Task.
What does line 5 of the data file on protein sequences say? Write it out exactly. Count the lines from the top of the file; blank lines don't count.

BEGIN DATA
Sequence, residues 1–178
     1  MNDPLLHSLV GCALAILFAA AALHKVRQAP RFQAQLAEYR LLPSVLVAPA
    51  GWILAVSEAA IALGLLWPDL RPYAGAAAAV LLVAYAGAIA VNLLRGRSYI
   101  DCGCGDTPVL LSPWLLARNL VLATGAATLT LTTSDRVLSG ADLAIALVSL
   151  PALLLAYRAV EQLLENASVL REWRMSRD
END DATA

   151  PALLLAYRAV EQLLENASVL REWRMSRD